“We learn by example and by direct experience because there are limits to the adequacy of verbal instruction” – Malcolm Gladwell
For years, I have studied how the body moves, and expresses itself. I have taken my mind’s eye to the inner workings of the facet joints. I have learned how each joint surface glides, spins, and rolls. I have theorized about the myofascial relationships between the pinky finger and the gluteus maximus as well as the connection between the arches of the feet and the tongue, and I can explain it all to you. And if you love this stuff as much as I do, we can sit over a cup of coffee and theorize about movement and expression until the synapses in our brains are buzzing with the satisfying electric speed of the fastest train. Yet, when I am teaching and training Pilates teachers, I can’t let myself ride too freely on the theory train because well…talking is nowhere near as powerful as doing.
Recently, I led some dance majors at the University of Hartford’s Hartt School through the Gateway Pilates Mat I course. Gateway Pilates by POLESTAR® is a two-day Pilates experience that teaches the students how to apply Pilates Mat exercises. It was my job as a Gateway educator to provide ample experience of practice for these students. In other words, I did not spend time explaining theoretical concepts underneath teaching (as we Pilates Educators love to do!). I demonstrated teaching and then with a smile said, “your turn!” At first the quality of student teaching was what you might expect…There were lost words, flustered faces and lots of do-overs, but I was not concerned because it was 9:30am on the first day of a two-day course. We had time and experience ahead of us. The next step in this experience was the feedback structure from peers.
After each student taught, each peer in the group gave specifically structured feedback. Now here’s the sneaky part. The student who is teaching is nervous, vulnerable and frankly being put on the spot, so the feedback that is so carefully crafted isn’t sinking in to that particular student, nor as an educator did I expect it to. However, every other student giving feedback and listening to the feedback is hearing every word spoken and also applying it to the moment when it is his or her turn to be nervous, vulnerable, and frankly put on the spot. The result: the second round of practice was exponentially better than the first, and I didn’t even mention the name of a bone…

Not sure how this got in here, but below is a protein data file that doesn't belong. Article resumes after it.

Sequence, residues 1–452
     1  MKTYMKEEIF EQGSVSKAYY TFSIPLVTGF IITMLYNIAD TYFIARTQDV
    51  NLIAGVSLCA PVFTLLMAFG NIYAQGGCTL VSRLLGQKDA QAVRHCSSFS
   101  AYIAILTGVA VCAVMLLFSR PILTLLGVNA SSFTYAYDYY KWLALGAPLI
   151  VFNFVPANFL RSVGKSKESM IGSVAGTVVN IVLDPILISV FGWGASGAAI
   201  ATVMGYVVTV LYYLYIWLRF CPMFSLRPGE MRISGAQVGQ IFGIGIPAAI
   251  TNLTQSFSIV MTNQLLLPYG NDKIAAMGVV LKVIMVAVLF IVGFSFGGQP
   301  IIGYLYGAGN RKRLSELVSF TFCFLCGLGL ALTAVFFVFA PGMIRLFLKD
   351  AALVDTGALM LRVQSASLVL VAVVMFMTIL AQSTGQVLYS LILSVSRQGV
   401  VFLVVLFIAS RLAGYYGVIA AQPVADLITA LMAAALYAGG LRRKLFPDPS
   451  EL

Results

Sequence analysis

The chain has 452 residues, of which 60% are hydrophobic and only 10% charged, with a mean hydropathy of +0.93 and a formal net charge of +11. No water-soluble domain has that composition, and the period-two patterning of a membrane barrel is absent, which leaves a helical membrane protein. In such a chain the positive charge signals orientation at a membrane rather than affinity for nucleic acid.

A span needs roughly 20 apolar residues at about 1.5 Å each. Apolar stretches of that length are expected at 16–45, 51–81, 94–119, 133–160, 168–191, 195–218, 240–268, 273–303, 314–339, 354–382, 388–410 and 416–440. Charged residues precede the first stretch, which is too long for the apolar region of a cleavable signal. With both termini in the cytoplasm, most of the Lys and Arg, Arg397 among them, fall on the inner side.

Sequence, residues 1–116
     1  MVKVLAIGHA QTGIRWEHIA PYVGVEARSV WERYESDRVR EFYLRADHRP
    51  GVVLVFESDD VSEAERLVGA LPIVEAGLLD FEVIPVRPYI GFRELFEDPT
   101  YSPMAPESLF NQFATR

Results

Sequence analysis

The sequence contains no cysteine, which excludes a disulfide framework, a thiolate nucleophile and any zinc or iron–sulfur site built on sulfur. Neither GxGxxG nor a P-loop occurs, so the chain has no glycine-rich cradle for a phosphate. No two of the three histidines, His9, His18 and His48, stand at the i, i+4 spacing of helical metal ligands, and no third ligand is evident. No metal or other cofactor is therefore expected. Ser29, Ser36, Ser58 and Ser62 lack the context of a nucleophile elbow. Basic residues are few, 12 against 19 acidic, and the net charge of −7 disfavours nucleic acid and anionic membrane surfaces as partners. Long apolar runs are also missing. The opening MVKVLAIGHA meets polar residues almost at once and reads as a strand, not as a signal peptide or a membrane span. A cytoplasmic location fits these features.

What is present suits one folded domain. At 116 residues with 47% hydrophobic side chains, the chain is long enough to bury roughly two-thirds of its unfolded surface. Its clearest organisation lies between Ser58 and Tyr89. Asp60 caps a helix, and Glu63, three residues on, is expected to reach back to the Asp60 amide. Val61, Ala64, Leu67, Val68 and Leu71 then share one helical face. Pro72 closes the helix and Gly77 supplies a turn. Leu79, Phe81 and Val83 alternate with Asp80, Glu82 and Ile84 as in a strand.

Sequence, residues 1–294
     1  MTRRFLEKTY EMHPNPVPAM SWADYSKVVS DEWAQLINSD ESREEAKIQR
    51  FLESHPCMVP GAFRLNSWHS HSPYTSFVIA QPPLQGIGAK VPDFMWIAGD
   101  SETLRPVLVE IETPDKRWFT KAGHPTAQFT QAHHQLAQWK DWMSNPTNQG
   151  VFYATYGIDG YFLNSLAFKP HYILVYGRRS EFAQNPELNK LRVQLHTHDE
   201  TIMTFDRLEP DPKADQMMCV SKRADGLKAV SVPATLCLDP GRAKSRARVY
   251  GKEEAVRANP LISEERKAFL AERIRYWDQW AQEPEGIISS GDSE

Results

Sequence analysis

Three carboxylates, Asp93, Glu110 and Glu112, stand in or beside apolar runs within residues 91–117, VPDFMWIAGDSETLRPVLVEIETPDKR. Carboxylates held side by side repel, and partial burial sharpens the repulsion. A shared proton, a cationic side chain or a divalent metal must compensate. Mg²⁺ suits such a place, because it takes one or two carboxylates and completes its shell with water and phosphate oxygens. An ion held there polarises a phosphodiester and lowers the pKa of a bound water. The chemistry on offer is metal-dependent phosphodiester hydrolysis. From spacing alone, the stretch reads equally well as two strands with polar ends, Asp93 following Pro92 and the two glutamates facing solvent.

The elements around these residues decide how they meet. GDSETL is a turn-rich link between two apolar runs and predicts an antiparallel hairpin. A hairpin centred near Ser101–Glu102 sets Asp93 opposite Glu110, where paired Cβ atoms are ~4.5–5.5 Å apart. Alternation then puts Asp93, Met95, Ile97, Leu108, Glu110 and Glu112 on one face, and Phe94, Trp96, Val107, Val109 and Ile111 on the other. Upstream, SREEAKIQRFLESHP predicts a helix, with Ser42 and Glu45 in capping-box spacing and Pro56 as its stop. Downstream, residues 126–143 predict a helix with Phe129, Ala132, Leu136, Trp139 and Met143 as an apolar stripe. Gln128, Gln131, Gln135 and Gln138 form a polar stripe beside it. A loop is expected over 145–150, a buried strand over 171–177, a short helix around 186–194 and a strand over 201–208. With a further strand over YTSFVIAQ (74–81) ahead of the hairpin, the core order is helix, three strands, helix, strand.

So what did I do?
We at Polestar Pilates take great pride in our knowledge, and the application of cutting-edge research to our practices. We are curious and we explore theory throughout our teaching, so why wouldn’t we share all that we’ve discovered with our students BEFORE they start teaching in this experience? The answer is simple: At Polestar Pilates we also understand the power of discovery.
During the feedback a student said, “I really liked the balloon image that you used.”
I piped in “Why do you think images work?” And then a discussion ensued that outlined the premise of Eric Franklin’s Dynamic Alignment through Imagery. I smiled to myself and knew that those students who chose to progress to the Polestar Pilates Comprehensive series would have a more satisfying time reading Dynamic Alignment Through Imagery when it was assigned because they would have experience to connect it to!
At the end of the weekend, each student taught a half -hour mat class that could have satisfied the clientele of any Pilates Studio. More importantly, there was energy at the end of the second day. I can only contribute it to the buzzing of synapses that was the piqued curiosity of new Pilates Enthusiasts. They were walking out of the room with new tools to use, and excitement for the beginning of a movement journey.
Katrina Hawley, BFA, C.M.A., PMA®-CPT
Polestar Pilates Educator
Katrina Hawley is the co-director of The Pilates Studio in Hadley and adjunct faculty in the Dance Division of the University of Hartford’s Hartt School. She is also a Polestar Educator.